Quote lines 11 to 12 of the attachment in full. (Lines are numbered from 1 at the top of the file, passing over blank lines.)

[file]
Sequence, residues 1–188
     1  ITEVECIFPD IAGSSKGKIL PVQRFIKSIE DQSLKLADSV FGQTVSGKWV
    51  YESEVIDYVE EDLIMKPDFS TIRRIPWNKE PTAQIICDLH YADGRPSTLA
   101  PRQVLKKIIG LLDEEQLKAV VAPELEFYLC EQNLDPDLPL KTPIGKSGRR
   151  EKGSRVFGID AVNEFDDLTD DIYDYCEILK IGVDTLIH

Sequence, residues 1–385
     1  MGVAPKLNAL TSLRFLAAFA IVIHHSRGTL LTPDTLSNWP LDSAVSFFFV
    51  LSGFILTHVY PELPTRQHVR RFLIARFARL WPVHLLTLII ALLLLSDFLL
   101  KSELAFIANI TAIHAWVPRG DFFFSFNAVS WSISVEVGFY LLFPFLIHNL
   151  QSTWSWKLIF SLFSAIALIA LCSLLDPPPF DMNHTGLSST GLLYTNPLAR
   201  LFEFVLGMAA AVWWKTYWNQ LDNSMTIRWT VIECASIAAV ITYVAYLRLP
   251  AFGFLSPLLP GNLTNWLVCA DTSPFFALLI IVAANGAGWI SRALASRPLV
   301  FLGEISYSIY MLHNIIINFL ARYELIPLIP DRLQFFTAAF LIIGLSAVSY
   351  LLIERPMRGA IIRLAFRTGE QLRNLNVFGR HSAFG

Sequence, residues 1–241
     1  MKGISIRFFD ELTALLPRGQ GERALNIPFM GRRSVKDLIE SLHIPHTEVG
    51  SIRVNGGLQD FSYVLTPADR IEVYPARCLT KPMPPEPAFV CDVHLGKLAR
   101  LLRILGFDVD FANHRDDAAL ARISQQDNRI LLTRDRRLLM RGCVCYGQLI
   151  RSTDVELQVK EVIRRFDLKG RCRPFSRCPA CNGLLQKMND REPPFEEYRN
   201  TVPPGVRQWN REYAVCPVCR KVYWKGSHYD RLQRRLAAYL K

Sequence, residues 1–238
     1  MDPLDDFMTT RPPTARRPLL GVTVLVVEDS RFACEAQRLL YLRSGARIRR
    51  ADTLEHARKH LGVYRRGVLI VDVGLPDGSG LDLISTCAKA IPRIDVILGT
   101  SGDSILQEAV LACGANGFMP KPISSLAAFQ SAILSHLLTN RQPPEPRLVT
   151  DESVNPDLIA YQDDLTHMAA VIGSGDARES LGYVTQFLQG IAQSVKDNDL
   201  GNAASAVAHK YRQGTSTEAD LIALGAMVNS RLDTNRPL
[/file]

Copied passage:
   201  LFEFVLGMAA AVWWKTYWNQ LDNSMTIRWT VIECASIAAV ITYVAYLRLP
   251  AFGFLSPLLP GNLTNWLVCA DTSPFFALLI IVAANGAGWI SRALASRPLV